(TEMPORARILY CLOSED) Nashville Symphony
The Nashville Symphony’s Board of Directors voted to suspend all concert and event activity through July 31, 2021, and to furlough a total of 79 musicians and 49 full-time staff members – including Music Director Giancarlo Guerrero – effective July 1. The Symphony is currently working to reschedule concerts originally planned for the 2020/21 concert season to the 2021/22 concert season. Current season ticket holders will be able to keep their existing seats for the postponed season, and the Symphony will be contacting all ticket holders about their options within the next few weeks.
(June 12, 2020)
One of Tennessee’s largest and longest-running nonprofit performing arts organizations, the Nashville Symphony has been an integral part of the Music City sound since 1946. Led by music director Giancarlo Guerrero, the 83-member ensemble performs more than 150 concerts annually, with a focus on contemporary American orchestral music through collaborations with composers including Jennifer Higdon, Aaron Jay Kernis and John Harbison. The orchestra is equally renowned for its unique commissioning and recording projects with Nashville-based artists including bassist Edgar Meyer, banjoist Béla Fleck, singer-songwriter Ben Folds and electric bassist Victor Wooten.
The Nashville Symphony is one of the most active recording orchestras in the U.S., with 29 releases on Naxos, the world’s largest independent classical label. Encompassing a wide range of repertoire, from Beethoven to Bernstein to Joan Tower, these recordings have earned a total of 13 GRAMMY® Awards and 24 nominations. Award-winning recordings include Tower’s Made in America, Stephen Paulus’ Three Places of Enlightenment and Michael Daugherty’s Metropolis Symphony and Tales of Hemingway. Released in 2015, the orchestra’s recording of Ben Folds’ Piano Concerto debuted at No. 1 on the Billboard Classical and Classical Crossover charts, and stayed in the Classical Crossover Top 20 in the first year of its release.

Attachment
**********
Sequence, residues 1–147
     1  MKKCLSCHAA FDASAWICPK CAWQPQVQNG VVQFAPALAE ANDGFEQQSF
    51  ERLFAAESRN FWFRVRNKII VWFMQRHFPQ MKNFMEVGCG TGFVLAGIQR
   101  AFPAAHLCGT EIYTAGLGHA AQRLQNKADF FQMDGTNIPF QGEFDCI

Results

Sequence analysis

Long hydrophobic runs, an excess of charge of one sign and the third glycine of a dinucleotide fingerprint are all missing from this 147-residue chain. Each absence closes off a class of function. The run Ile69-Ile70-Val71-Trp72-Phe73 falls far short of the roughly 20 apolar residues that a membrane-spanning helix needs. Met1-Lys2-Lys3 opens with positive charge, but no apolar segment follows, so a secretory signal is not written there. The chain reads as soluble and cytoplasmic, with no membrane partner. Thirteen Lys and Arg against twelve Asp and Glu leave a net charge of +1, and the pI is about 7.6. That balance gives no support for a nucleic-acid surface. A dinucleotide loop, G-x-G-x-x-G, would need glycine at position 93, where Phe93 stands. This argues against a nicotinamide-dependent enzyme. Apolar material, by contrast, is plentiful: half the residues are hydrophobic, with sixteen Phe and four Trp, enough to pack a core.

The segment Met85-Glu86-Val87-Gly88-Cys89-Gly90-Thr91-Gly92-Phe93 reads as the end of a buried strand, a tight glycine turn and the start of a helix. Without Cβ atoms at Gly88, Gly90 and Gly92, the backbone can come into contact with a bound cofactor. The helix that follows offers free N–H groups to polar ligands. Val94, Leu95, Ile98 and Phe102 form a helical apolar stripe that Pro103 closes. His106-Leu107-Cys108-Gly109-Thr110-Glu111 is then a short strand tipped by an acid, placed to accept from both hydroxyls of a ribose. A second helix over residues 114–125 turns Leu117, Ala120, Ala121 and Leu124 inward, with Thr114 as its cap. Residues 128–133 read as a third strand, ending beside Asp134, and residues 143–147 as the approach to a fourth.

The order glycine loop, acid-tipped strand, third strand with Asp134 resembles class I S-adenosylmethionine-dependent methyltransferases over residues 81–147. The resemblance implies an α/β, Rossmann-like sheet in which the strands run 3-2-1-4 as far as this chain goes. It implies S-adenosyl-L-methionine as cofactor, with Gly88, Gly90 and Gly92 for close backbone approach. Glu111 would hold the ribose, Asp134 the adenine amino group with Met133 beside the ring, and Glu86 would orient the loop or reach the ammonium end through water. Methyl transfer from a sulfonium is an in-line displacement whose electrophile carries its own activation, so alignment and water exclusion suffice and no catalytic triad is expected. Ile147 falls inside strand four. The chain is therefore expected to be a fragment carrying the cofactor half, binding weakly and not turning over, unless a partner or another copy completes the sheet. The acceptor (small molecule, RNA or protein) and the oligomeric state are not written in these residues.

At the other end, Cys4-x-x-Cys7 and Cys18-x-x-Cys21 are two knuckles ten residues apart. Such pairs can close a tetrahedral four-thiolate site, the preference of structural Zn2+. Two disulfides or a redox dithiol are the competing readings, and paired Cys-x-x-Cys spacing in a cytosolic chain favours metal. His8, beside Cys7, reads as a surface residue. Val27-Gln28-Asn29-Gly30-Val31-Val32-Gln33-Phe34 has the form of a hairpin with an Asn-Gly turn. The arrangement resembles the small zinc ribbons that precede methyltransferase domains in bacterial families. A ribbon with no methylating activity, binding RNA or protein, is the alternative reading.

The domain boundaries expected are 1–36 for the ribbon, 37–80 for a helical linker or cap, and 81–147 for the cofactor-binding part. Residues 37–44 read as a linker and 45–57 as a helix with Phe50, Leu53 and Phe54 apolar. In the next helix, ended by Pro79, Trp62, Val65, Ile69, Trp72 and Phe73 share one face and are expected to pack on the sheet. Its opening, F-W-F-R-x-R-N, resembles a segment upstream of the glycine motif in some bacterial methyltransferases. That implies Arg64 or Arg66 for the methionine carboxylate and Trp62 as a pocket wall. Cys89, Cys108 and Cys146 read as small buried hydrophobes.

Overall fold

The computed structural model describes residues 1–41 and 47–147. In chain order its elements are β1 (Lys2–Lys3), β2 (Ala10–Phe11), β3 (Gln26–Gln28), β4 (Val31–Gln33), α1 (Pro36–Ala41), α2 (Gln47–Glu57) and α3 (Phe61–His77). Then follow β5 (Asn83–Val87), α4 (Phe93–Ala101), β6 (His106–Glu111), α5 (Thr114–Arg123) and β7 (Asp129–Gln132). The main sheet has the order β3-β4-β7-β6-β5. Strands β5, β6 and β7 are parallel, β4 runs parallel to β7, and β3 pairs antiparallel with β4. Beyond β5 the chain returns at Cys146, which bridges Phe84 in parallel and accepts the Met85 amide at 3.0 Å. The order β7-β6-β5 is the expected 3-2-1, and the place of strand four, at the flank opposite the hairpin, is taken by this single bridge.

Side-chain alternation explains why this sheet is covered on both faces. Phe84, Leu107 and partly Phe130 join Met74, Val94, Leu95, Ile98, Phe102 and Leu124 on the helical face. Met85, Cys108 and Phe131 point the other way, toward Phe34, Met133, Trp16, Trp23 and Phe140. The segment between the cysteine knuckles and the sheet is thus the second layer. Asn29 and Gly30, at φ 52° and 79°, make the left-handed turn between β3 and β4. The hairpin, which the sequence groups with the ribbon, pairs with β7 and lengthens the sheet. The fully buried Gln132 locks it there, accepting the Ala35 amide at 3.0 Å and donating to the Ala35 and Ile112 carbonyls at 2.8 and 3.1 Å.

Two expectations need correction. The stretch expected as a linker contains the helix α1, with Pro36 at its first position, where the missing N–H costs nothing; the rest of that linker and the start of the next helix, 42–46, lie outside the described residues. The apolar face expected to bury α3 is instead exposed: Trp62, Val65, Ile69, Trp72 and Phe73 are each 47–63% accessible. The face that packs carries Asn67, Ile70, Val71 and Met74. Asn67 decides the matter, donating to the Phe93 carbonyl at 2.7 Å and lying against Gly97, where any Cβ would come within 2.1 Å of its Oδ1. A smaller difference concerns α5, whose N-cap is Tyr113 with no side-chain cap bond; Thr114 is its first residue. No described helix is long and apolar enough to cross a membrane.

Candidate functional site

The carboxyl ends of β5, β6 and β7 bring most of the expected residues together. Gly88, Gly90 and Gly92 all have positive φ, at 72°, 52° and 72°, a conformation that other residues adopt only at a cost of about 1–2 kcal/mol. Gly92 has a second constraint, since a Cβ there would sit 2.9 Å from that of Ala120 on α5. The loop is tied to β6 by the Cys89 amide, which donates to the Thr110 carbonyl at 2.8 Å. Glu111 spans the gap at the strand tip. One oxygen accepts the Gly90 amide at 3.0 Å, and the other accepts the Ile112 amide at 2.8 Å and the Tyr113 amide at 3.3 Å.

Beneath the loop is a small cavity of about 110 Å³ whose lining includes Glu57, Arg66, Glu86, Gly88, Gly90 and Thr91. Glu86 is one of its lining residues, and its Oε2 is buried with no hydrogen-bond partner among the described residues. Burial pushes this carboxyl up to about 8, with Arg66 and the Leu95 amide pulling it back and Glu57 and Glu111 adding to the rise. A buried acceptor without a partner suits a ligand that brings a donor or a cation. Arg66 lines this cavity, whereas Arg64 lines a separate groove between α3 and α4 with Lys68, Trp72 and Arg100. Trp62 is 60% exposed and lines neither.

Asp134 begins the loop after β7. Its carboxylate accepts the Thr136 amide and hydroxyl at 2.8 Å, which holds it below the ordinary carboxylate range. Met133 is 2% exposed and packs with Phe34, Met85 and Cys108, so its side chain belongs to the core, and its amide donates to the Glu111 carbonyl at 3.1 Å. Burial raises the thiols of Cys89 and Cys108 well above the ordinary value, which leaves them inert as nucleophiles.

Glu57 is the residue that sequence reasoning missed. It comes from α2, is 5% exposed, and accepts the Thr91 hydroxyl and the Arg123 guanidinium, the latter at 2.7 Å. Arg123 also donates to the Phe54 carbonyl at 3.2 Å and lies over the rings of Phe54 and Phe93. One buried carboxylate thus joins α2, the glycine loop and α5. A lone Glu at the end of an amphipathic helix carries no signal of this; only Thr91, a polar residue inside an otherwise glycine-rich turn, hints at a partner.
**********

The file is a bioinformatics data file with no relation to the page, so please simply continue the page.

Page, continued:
Education and community engagement have been at the core of the Nashville Symphony’s mission since its founding. Each year the organization reaches 60,000 children and adults with more than 20 free or low-cost programs, including Young People’s Concerts for K-12 students; sectional lessons with band and orchestra students; and free Community Concerts. In 2016, the Nashville Symphony launched Accelerando, a forward-thinking initiative designed to prepare young musicians from underrepresented ethnic communities for collegiate study and professional orchestra careers. Participating students receive individual instrument instruction, performance opportunities, and guidance on applying to colleges and conservatories.
Schermerhorn Symphony Center, the orchestra’s home since 2006, is widely considered one of the world’s finest acoustical venues. Named in honor of former music director Kenneth Schermerhorn and located in the heart of Nashville’s booming downtown, the building boasts distinctive neo-Classical architecture incorporating motifs and design elements that pay homage to the history, culture and people of Middle Tennessee. Within its intimate “shoebox” design, the 1,800-seat Laura Turner Concert Hall contains several unique features, including soundproof windows, the 3,500-pipe Martin Foundation Concert Organ, and an innovative mechanical system that converts the hall from theater-style seating to ballroom configuration in less than two hours.
In addition to its classical and education programming, the Nashville Symphony offers a wide variety of performances, including pop, rock, jazz, country and family concerts. Schermerhorn Symphony Center has become an in-demand venue for artists including Sheryl Crow, Tony Bennett, Diana Ross, Willie Nelson, Alabama, and Boyz II Men, all of whom have performed with the Nashville Symphony. The orchestra also performs regularly at Nashville’s Ascend Amphitheater.
Source: Nashville Symphony
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Photo Credit: Harry Butler.